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  • Antibiotic-impregnated Shunts vs Standard Shunts: A Meta and Cost Analysis

    Final Number:

    Paul Klimo MD; Brian T. Ragel MD; Clinton Thompson; Frederick A. Boop MD

    Study Design:
    Clinical Trial

    Subject Category:

    Meeting: Congress of Neurological Surgeons 2011 Annual Meeting

    Introduction: In 2002, an antibiotic-impregnated shunt (AIS) system became available to the market containing rifampin and clindamycin. There have been numerous studies evaluating its effectiveness at reducing the risk of shunt infection, some of which showed a protective benefit while others have not. This study was undertaken to critically evaluate the literature using a metaanalysis and to perform a cost analysis as well.

    Methods: A search strategy using PubMed and Medline databases as well as manual inspection of journals and bibliographies was undertaken to identify articles that met our inclusion and exclusion criteria. Articles must have contained groups of patients that were treated with AIS and SS, and the number of infections per procedure within each group. Papers were excluded if they contained previously published data, or a different bacteriocidal/bacteriostatic shunt system.

    Results: The initial search identified 18 studies, but 5 were excluded. Ten studies were from single institutions, 3 were multiinstitution. All papers except one were class III data (one class II). Six papers demonstrated a decreased in the shunt infection rate with AIS, six did not and one was indeterminate. In 5332 SS (control) patients, the shunt infection rate was 7.1%. The rate in 3217 AIS patients was 3.6%. The protective benefit of the AIS was stastically signficant with our metaanalysis using a random effects model. For those papers that showed a reduced infection rate with AIS, the number needed to treat (NNT) to prevent one shunt infection ranged from 7-59, with a cost savings of $26 to $47k per shunt infection and an annual savings of $90,000 to over $1.3 million.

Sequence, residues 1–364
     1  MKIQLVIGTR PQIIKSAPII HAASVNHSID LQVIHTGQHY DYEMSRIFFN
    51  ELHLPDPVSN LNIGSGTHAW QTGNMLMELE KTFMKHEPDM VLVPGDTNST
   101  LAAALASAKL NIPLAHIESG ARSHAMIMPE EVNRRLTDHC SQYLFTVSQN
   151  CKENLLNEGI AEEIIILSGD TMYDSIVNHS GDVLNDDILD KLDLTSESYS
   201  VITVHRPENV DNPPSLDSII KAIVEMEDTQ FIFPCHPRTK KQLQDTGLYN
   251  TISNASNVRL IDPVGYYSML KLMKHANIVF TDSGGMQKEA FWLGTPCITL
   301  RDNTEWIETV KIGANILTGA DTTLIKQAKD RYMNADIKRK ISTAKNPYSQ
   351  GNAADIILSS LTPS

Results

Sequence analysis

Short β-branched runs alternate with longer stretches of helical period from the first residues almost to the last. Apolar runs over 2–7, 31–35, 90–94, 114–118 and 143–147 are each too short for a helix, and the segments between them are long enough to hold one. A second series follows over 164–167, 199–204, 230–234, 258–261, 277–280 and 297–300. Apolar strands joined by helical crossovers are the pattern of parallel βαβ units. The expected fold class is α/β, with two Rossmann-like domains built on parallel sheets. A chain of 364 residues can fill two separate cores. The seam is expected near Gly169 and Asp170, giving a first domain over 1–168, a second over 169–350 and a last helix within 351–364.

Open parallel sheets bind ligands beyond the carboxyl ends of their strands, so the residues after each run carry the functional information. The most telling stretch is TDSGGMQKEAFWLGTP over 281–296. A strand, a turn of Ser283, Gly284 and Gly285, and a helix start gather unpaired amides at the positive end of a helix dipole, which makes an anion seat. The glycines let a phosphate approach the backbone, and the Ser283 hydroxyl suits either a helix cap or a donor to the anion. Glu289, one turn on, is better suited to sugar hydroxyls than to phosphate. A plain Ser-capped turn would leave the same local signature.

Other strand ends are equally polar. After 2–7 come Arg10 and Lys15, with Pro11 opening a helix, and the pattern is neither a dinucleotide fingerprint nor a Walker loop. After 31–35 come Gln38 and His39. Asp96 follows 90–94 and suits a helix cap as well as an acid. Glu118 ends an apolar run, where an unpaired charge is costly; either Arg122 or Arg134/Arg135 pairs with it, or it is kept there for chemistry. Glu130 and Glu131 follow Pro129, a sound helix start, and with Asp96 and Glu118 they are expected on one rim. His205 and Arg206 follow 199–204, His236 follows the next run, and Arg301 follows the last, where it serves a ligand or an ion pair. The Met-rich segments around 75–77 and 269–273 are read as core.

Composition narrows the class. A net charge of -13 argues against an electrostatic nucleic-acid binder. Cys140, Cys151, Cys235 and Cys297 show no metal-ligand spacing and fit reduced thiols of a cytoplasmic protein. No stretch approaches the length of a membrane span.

Conclusions: There are many variables that determine an instituion's shunt infection rate. Based on our analysis, switching to an AIS will likely decrease the infection rate and provide significant cost savings to the hospital despite the higher cost of the AIS compared to SS.

    Patient Care: Will give providers a clear synposis of the current literature on AIS and how they can determine within their own institution whether using AIS is beneficial to their patients and cost-effective.

    Learning Objectives: By the conclusion of this session, participants should be able to: 1) Identify factors that are predictive of shunt infection 2) Critically evaluate papers that do and do not show a benefit to antibiotic-impregnated shunt systems 3) Identify the typical cost of treating a shunt infection and how an AIS may reduce these costs and to what degree


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